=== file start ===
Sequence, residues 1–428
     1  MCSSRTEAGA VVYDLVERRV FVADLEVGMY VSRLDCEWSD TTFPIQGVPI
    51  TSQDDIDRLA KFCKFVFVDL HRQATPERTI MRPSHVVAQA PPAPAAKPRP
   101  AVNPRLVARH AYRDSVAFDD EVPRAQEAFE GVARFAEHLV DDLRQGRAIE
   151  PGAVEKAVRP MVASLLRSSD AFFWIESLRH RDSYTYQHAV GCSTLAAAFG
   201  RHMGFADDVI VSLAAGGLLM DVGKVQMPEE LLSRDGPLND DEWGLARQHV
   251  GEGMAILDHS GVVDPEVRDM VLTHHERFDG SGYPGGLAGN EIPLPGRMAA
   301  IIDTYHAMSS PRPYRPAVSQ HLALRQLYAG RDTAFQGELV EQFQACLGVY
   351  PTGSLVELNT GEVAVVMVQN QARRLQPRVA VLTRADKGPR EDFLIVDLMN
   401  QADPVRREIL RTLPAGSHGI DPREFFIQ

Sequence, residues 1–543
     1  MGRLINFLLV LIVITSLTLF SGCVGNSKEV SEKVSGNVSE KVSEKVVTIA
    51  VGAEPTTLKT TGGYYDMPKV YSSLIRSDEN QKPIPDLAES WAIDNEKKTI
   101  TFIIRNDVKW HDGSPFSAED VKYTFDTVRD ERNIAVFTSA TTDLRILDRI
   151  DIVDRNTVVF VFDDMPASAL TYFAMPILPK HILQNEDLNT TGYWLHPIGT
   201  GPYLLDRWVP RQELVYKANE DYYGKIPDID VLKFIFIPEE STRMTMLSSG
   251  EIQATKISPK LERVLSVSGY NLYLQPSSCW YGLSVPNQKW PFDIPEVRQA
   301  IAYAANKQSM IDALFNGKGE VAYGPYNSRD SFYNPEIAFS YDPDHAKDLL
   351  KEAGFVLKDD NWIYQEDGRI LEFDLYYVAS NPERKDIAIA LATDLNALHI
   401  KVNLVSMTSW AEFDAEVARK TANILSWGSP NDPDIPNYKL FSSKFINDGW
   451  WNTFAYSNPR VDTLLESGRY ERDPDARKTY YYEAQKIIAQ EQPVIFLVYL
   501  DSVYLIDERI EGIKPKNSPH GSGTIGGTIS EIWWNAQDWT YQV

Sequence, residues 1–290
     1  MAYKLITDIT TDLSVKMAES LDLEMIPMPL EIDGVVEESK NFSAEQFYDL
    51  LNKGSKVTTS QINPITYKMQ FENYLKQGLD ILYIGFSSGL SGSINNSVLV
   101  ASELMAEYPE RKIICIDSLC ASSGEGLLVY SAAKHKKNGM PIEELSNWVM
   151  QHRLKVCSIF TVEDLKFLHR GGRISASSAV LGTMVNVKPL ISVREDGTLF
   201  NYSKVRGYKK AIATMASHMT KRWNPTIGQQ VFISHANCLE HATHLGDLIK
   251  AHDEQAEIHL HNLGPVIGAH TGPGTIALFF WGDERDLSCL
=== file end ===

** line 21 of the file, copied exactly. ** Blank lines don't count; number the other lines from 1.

   451  WNTFAYSNPR VDTLLESGRY ERDPDARKTY YYEAQKIIAQ EQPVIFLVYL